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CHAT: day before yesterday

From:Philip Newton <philip.newton@...>
Date:Thursday, September 23, 2004, 16:02
On Wed, 22 Sep 2004 11:20:25 +0200, Andreas Johansson <andjo@...> wrote:
> * It's always annoyed me that English hasn't got a single word for "the day > before yesterday", nor "the day after tomorrow". It still happens, as it did > when I wrote this mail, that I get stuck trying to find the word before > recalling it simply does not exist.
Indeed; those days are simply named "the day before yesterday" and "the day after tomorrow", as you not. Some languages, though, go one further and have a name for "three days ago" and "in three days' time"; for example, Modern Greek has αντιπρόπερσι for "three years ago", αντίπροχτες for "three days ago", and αντιμεθαύριο for "in three days" (but no single word for even "next year", which it expresses with του χρόνου, literally something like "of the year".) German can make do with "vorvorgestern" and "überübermorgen", though neither is in common use. Japanese has "shiasatte" (apparently the word for "four" - counting todays as well, I suppose - plus the word for "day after tomorrow") for "the day three days hence" and "sakiototoi/sakiototsui" (apparently the word for "tip, point, previous, former" plus the word for "day before yesterday") for "the day three days ago". I'm not sure whether there are consistent ways of writing that in kanji; any rendition will not map one-to-one to spoken syllables anyway, just like the names for even "today" or "tomorrow" (I think this sort of thing - reading a series of kanji purely by meaning, without putting any particular syllable to a particular character - is called "gikun"). JWPce gives 一昨昨日 for "sakiototoi/sakiototsui" (compare 一昨日 for "ototoi/ototsui" -- sometimes also read Chinese-style ["on-yomi"] as "issakujitsu" -- and 昨日 for "kinou" = "yesterday" -- sometimes also read as "sakujitsu"; hm, 一昨昨日 is also given the on-yomi "issakusakujitsu") and 明明後日 for "shiasatte" (compare 明後日 for "asatte" -- sometimes also read "myougonichi" -- and 明日 for "asu/ashita" = "tomorrow" -- sometimes also read "myounichi"). Japanese doesn't let you do this for, say, weeks or months or years, though, which only have "last X" (senshuu/sengetsu/kyonen) and "next X" (raishuu/raigetsu/rainen) as well as "X-before-last" (sensenshuu/sensengetsu/ototoshi - look, separate word! though "year before last" can apparently also be issakunen) and "X-after-next" (saraishuu/saraigetsu/sarainen), but not "3 Xs ago/hence" in general, though I found "sakiototoshi/issakusakunen" for "three years ago". German doesn't even have single words for "last/next week/month/year" (and only a dialectal/regional word "heuer" for "this year"). What do your conlangs have? Anything more than "tomorrow" and "yesterday"? Cheers, -- Philip Newton <philip.newton@...> Mind the Reply-To!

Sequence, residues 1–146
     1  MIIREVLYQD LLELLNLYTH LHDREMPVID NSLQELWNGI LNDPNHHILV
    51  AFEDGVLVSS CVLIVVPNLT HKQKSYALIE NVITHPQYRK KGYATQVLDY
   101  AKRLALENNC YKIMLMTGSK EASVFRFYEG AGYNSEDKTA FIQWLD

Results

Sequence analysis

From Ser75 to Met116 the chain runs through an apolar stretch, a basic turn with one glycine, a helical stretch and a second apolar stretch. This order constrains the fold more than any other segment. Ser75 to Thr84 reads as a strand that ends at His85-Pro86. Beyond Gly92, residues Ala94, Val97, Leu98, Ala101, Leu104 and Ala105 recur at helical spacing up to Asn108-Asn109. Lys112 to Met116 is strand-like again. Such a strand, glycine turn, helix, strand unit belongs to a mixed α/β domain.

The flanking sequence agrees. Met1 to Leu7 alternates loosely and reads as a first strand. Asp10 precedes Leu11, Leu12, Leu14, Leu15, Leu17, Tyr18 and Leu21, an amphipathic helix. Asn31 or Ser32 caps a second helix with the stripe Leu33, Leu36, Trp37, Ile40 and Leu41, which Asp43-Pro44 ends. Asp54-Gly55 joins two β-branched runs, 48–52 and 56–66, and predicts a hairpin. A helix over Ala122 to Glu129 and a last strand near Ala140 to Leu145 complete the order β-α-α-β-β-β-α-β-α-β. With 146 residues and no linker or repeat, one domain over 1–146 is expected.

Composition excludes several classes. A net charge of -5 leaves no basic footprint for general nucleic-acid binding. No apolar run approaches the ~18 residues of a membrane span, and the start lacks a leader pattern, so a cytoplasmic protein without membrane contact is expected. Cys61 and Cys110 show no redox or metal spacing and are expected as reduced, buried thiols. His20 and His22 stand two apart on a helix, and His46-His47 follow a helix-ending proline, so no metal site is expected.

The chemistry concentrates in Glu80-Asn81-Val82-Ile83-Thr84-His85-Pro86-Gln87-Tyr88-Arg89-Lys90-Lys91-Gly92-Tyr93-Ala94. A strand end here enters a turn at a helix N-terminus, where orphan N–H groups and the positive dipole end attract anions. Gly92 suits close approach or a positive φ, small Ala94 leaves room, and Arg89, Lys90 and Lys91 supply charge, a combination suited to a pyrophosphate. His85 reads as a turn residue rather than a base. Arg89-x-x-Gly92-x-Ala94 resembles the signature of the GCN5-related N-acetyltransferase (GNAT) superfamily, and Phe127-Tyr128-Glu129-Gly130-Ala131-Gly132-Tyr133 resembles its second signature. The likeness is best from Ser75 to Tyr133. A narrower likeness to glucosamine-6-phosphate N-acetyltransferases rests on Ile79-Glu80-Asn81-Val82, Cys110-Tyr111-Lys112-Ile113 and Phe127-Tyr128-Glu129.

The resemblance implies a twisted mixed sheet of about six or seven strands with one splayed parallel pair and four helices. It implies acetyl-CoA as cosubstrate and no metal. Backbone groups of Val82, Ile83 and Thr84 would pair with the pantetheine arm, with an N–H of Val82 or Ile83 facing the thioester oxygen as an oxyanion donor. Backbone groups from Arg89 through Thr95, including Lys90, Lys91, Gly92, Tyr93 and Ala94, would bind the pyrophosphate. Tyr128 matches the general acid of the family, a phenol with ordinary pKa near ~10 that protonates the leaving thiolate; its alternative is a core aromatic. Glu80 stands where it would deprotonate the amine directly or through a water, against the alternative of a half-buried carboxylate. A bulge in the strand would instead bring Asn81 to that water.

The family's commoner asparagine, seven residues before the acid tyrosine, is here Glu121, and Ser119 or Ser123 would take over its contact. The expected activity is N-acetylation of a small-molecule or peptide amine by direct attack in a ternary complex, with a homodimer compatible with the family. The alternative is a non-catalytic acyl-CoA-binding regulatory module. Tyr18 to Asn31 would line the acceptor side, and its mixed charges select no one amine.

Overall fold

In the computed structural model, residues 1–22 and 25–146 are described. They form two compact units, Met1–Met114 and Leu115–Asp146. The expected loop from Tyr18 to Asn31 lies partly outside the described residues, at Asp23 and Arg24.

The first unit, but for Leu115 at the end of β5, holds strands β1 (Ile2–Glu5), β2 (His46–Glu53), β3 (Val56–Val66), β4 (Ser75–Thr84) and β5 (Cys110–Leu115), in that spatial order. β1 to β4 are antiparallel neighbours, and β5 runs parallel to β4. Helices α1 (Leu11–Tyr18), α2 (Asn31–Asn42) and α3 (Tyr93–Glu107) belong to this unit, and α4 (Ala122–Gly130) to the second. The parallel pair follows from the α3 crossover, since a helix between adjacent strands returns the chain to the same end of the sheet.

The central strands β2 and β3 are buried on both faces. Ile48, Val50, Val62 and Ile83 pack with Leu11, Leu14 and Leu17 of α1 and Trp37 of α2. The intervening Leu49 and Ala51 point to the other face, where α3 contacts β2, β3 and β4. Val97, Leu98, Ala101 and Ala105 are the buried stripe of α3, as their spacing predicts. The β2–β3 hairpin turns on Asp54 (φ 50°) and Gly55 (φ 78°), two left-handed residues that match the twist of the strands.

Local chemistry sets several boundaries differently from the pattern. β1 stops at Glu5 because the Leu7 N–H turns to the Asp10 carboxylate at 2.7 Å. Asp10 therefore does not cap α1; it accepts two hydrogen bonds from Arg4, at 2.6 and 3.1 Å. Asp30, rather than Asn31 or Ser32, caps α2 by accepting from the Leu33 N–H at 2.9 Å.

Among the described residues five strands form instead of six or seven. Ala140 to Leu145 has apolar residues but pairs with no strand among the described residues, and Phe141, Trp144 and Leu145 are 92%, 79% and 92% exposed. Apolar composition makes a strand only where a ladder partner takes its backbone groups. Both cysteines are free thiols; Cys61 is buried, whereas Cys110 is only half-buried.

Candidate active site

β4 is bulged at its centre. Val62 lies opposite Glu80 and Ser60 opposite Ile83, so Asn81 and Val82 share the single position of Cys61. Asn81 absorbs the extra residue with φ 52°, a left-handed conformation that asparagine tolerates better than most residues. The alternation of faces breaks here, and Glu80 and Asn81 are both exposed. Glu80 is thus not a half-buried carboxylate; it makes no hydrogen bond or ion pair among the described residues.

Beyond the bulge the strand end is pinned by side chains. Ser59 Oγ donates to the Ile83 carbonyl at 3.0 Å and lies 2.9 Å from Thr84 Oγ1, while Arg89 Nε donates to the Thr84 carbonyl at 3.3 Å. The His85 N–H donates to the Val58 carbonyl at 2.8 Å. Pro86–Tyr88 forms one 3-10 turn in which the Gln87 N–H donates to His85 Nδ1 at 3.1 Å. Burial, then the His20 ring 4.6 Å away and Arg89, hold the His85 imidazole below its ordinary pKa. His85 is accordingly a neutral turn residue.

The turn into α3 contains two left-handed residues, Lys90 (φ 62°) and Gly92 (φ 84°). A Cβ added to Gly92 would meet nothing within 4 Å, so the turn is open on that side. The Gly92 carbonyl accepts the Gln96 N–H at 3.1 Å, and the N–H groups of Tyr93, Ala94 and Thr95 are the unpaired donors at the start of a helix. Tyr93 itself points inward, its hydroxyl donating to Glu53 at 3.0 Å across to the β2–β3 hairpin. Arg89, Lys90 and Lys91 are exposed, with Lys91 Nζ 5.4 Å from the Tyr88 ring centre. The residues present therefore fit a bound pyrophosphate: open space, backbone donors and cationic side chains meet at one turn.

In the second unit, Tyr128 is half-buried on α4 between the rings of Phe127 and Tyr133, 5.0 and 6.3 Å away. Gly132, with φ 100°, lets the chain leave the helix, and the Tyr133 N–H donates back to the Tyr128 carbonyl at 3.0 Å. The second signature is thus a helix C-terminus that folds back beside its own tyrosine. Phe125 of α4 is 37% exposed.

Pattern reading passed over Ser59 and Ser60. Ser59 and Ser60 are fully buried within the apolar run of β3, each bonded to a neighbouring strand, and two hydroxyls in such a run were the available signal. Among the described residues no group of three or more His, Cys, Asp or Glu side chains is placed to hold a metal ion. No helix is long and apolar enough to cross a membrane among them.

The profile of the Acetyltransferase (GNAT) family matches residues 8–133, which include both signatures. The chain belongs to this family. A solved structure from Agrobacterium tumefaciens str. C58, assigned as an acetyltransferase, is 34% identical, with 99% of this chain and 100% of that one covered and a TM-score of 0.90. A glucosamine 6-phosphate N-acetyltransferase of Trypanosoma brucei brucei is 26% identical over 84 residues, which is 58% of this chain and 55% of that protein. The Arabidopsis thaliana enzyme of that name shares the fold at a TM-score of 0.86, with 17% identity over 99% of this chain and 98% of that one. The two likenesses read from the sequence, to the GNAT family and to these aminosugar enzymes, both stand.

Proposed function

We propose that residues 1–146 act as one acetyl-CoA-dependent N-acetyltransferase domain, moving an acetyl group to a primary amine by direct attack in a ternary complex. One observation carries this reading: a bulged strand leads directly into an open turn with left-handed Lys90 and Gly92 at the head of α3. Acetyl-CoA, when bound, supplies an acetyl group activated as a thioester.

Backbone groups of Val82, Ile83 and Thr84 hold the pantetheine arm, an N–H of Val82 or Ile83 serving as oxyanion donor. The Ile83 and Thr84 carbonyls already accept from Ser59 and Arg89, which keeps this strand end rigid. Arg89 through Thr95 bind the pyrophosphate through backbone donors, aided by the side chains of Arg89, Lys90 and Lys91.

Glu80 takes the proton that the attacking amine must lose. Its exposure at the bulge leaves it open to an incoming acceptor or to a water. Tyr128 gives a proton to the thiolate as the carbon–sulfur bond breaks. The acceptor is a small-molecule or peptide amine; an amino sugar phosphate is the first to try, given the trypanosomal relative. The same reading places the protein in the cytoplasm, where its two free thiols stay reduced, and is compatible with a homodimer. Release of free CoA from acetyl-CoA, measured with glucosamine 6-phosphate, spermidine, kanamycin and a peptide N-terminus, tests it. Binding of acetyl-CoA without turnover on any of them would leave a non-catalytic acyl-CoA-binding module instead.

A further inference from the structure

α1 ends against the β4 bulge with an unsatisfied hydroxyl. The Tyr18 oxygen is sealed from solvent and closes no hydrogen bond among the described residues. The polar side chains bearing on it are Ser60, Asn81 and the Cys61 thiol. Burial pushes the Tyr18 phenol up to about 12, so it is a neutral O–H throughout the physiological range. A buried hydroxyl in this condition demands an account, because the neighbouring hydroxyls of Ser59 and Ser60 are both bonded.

Mark J. Reed <markjreed@...>